I know almost nothing about We Versus the Shark. I know almost nothing about math rock. I’m not sure where I’m going with this, but I’m going there loudly and repeatedly.
There’s this: We Versus the Shark comes out of Athens, GA, where it’s probably almost okay to be from again. They (“We?”) haven’t been together for all that long, but they’ve been waiting awhile for Ruin Everything!, the debut album recorded mostly last winter, occasionally live and to analog. Four people make up the band, including a girl. Sometimes other people help out.
You should know this, too: Ruin Everything opens with “You Don’t Have to Kick It”, it gives dancepunk a send-off by way of post-punk, but it’s neither. You’ll hear those genres mentioned quite a bit around this band in the next few weeks, but neither one quite fits. The band shows off too much nastiness and virtuosity to be pinned down like that.
Math runk has the energy and aggression of punk, but it’s really complicated and has all these jazz and prog influences and the time-signature changes and a lot of other stuff that doesn’t really matter if the music rocks hard, and matters even less if it doesn’t. We Versus the Shark doesn’t really do all the technical planning, but they’re still really tight. They also chop their songs up into short, changing segments. Unless you’re much, much better than me, you won’t learning these songs by playing along the second time you hear them.
But Ruin Everything! has loads of hooks. Sometimes they switch so fast that you can’t really groove on them. “As Good As It Gets” as a string of three separate, memorable hooks that take place in the span of about 20 seconds. At moments it could almost be pop, or at least dirtier pop-punk, or at least punk. Only it isn’t.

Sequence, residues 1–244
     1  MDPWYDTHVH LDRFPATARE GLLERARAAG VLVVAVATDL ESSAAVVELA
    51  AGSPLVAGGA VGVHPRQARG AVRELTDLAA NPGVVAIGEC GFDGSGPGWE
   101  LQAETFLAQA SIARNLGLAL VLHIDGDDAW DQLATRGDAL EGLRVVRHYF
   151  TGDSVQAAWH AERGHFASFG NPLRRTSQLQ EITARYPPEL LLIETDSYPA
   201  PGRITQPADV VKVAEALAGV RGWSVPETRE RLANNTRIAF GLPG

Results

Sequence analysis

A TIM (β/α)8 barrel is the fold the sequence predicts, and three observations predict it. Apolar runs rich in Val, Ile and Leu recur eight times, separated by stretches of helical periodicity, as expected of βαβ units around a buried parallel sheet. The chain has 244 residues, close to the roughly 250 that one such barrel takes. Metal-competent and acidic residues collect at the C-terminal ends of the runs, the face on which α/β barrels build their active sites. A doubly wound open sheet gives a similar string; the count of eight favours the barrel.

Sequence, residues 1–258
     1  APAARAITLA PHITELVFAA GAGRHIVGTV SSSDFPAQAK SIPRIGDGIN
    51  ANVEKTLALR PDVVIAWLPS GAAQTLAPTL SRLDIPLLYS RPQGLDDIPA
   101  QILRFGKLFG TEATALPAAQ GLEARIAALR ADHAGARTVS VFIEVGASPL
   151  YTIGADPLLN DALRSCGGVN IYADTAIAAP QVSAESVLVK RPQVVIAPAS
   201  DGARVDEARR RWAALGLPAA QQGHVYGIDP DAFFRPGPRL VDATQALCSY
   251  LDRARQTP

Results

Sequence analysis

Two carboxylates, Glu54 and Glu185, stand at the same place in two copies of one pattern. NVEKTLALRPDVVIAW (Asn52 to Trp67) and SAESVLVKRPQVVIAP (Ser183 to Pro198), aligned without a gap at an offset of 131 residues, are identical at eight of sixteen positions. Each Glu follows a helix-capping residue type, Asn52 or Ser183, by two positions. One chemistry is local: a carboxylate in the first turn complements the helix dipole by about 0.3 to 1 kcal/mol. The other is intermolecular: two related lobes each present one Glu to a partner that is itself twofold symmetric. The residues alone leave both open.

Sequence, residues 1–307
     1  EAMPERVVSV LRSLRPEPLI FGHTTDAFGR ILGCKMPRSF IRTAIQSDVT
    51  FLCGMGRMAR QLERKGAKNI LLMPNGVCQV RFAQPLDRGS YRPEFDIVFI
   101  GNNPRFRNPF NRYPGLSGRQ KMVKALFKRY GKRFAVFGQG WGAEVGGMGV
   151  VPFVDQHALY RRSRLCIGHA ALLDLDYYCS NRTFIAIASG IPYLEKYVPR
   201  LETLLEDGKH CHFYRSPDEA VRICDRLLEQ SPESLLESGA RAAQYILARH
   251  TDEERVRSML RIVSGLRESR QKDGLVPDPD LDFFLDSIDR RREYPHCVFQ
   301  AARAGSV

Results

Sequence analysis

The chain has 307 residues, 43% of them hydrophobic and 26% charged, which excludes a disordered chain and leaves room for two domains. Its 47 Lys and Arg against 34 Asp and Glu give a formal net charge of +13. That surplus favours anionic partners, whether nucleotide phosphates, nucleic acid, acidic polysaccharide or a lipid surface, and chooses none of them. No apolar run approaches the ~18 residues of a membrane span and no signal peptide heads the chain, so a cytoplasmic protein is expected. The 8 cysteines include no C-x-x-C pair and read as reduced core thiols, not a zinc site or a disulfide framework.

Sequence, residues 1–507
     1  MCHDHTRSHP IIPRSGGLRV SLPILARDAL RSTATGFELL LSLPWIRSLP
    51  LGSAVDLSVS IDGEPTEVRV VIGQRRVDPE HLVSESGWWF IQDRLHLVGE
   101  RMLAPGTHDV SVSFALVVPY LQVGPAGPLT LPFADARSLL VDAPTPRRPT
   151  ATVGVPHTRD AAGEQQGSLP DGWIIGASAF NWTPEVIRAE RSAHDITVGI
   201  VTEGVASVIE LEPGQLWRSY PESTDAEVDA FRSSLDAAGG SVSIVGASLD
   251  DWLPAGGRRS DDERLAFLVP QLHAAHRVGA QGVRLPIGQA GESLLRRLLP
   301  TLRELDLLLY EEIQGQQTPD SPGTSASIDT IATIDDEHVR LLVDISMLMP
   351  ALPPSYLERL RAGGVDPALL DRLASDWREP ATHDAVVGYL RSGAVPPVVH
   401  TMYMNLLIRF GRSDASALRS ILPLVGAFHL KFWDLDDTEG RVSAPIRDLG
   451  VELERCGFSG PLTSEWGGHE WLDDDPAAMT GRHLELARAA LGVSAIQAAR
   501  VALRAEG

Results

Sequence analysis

I’m tired. On to lyrics. Half the time they don’t make any sense. All the time I don’t care. We Versus the Shark scream a lot, but they sing sometimes, too. Every so often I get scared. “I Am At the Mercy of an Ambulance Driver” tells a first-person narrative about a man who dies but returns as a cannibalistic zombie and says, “Horror stories left out the details of godless resurrection / All I was has returned but the face.” He might have been shocked back to life in an ambulance. He might really be a monster. Both things might be true.
The focus on death comes up again, in “Ten Uh Clock Heart Uh Tack”. The medical fear is still there, too: “It’s easy to forget how easy is motionless / I’m a corpse that can use a computer / I could be a real team player” refers to life (“life” here reconsidered) on a respirator. It’s a bit bleak. It (the song only?) ends like this: “Swirl. Breath. Breathe. Stop. / Swirl. Breath. Burn. Stop. Fall out, fall out, fall…”
But you have to know this to get the full effect of that moment: We Versus the Shark write these meta-songs about songs and not-quite-dance-music about dancing. The album’s first track contains Joycean stream of consciousness about a partier who has dropped to the floor. “Legs kick kick legs walk kick out / Wait. Stop. Send. Message: / Quit running.” This pattern recurs. By the time you watch the heart attack (or at least by the time you do so on your inevitable second listen), the rhythm and flow could be a smarter !!!, but then We ratchet up the significance level. Dying in a hospital isn’t like dancing. It’s a little confusing, and affecting.
But back to the music (this is all very clear by the packaging; the band’s provided an outline on the tray card for you). You should rock out. See, the point isn’t that dying isn’t like dancing, but that losing the music—collapsing at a party—is like dying. Losing art is like ruining everything. If you get shocked back to life and your soul—your head-banging, unskilled-dancing soul—was damaged, then you weren’t really brought back. But club music (dance, discopunk, funk, take your pick) isn’t quite enough to convey that message for We. We, by which I mean They, have to pile layers on instrumentals on each other. It must be intense! But no showboating, because it must be fun and rock!
That’s it, I still don’t know what math rock is, primarily because you can’t use it as a verb.
// Sound Affects
"The man whose songs were recorded by Johnny Cash, Alan Jackson, Ricky Skaggs, David Allan Coe, The Highwaymen, and countless others succumbs to time’s cruel cue that the only token of permanence we have to offer are the effects of shared moments and memories.READ the article